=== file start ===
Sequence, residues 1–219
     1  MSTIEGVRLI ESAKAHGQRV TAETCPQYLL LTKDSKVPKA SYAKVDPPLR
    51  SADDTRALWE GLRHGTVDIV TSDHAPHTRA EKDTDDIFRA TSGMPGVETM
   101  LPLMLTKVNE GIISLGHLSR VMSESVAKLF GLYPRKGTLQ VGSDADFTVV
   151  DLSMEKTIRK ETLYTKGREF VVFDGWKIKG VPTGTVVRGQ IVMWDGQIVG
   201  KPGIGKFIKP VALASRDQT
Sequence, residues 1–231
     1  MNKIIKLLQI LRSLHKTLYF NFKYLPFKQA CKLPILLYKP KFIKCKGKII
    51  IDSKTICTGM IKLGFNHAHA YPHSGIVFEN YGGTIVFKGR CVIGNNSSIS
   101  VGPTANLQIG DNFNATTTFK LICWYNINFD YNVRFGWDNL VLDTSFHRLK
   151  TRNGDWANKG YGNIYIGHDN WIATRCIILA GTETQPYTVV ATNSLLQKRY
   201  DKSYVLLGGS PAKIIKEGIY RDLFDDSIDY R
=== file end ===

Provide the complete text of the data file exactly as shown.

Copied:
Sequence, residues 1–219
     1  MSTIEGVRLI ESAKAHGQRV TAETCPQYLL LTKDSKVPKA SYAKVDPPLR
    51  SADDTRALWE GLRHGTVDIV TSDHAPHTRA EKDTDDIFRA TSGMPGVETM
   101  LPLMLTKVNE GIISLGHLSR VMSESVAKLF GLYPRKGTLQ VGSDADFTVV
   151  DLSMEKTIRK ETLYTKGREF VVFDGWKIKG VPTGTVVRGQ IVMWDGQIVG
   201  KPGIGKFIKP VALASRDQT
Sequence, residues 1–231
     1  MNKIIKLLQI LRSLHKTLYF NFKYLPFKQA CKLPILLYKP KFIKCKGKII
    51  IDSKTICTGM IKLGFNHAHA YPHSGIVFEN YGGTIVFKGR CVIGNNSSIS
   101  VGPTANLQIG DNFNATTTFK LICWYNINFD YNVRFGWDNL VLDTSFHRLK
   151  TRNGDWANKG YGNIYIGHDN WIATRCIILA GTETQPYTVV ATNSLLQKRY
   201  DKSYVLLGGS PAKIIKEGIY RDLFDDSIDY R